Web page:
Considering the unending influence of George Orwell’s dystopian classic “1984,” it’s perhaps surprising that the novel has only been adapted twice as a feature film, in 1956 and, appropriately in 1984. The latter version screens at 7:30 p.m. on April 4 at Hallwalls Contemporary Arts Center (341 Delaware Ave.).
“1984” is Orwell’s tale of a totalitarian state called Oceania, and of Winston Smith, a lowly worker at the “Ministry of Truth.” Smith begins to rebel against “Big Brother” during the novel, and director Michael Radford’s film adaptation brilliantly captures the sense of hopelessness that grips his actions.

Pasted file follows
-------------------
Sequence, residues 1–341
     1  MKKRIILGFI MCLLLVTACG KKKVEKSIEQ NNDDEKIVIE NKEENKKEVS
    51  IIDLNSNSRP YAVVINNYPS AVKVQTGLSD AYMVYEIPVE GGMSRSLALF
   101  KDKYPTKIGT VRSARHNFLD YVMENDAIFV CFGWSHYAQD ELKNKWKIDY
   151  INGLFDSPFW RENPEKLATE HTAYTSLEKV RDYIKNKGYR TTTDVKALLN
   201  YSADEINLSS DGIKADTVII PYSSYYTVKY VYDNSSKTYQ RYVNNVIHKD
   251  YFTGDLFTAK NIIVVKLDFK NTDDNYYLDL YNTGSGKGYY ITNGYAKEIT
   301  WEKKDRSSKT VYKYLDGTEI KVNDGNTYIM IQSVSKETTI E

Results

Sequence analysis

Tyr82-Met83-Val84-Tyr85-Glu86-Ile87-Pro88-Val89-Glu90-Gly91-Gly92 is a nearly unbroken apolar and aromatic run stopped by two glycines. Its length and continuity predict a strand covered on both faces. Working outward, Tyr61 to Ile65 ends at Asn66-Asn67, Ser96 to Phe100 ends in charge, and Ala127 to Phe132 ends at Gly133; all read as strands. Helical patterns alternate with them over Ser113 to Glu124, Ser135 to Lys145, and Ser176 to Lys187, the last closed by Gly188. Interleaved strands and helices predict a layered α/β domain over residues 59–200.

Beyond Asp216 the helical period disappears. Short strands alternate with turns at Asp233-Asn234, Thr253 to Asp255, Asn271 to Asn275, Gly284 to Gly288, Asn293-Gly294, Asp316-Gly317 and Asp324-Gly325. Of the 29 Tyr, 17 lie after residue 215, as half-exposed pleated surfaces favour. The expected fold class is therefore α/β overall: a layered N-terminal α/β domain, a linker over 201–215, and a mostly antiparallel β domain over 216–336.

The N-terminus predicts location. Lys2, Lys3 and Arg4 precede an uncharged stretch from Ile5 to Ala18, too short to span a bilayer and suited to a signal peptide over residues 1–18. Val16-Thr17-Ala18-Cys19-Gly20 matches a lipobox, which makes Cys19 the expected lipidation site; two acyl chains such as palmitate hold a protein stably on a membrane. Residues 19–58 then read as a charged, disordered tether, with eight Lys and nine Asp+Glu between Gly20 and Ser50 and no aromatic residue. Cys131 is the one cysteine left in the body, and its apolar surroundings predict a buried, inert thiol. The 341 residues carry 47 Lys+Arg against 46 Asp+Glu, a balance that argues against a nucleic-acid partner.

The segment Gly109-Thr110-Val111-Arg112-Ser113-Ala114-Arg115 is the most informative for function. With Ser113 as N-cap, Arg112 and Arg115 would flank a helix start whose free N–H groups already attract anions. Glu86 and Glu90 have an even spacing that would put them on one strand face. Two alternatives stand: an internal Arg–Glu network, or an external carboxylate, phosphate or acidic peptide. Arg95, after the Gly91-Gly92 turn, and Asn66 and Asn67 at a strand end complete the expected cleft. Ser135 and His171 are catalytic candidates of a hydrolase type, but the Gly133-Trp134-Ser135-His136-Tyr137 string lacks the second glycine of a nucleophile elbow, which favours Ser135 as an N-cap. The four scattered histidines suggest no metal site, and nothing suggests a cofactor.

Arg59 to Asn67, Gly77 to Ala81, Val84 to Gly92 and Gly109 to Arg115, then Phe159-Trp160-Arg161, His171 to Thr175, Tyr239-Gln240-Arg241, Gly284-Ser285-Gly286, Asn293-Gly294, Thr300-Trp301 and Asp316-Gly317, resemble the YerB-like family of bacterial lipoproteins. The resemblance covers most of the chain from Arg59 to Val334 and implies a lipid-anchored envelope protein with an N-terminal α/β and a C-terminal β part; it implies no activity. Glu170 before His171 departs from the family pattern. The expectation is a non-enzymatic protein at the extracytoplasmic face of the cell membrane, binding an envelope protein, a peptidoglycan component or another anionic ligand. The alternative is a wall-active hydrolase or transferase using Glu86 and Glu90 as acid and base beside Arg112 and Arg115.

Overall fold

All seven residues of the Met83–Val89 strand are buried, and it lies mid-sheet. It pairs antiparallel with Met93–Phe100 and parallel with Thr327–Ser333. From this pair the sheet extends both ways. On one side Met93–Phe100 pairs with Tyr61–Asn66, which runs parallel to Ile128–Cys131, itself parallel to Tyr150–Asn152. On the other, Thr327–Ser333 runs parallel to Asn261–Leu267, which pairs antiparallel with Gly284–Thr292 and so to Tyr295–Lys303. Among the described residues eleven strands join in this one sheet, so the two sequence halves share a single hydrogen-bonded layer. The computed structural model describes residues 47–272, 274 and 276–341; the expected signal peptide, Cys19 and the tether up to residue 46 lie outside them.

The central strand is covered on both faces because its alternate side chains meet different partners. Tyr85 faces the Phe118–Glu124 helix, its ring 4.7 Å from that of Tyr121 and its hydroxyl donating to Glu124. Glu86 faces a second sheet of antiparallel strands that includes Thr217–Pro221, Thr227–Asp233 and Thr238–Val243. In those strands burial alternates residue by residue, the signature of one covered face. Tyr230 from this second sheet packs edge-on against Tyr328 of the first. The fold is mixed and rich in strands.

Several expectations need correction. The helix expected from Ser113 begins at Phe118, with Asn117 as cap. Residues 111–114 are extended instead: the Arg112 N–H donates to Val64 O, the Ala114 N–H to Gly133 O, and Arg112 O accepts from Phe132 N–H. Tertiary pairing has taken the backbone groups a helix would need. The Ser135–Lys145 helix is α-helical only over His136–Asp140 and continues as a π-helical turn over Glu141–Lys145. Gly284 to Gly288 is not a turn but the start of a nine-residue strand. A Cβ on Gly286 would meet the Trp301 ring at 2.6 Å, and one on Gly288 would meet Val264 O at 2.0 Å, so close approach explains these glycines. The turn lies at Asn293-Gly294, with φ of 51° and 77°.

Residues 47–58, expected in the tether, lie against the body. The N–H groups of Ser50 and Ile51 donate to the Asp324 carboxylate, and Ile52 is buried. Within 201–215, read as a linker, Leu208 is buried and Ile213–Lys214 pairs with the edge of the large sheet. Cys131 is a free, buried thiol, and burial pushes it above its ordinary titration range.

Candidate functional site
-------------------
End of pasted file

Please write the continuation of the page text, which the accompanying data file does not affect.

Still, it’s a story of resistance, and the book and film are especially meaningful in 2017 for reasons that should be abundantly clear. Hallwalls is one of nearly 200 venues nationwide screening the film on April 4 - the date in the novel when Smith begins his rebellion.
Starring the late John Hurt and featuring Richard Burton’s final performance, “1984” is a true stunner. Introducing the film is David R. Castillo, director of the University at Buffalo Humanities Institute.
Tickets are $8 general, $6 for students and seniors, and $5 for Hallwalls members. Visit hallwalls.org.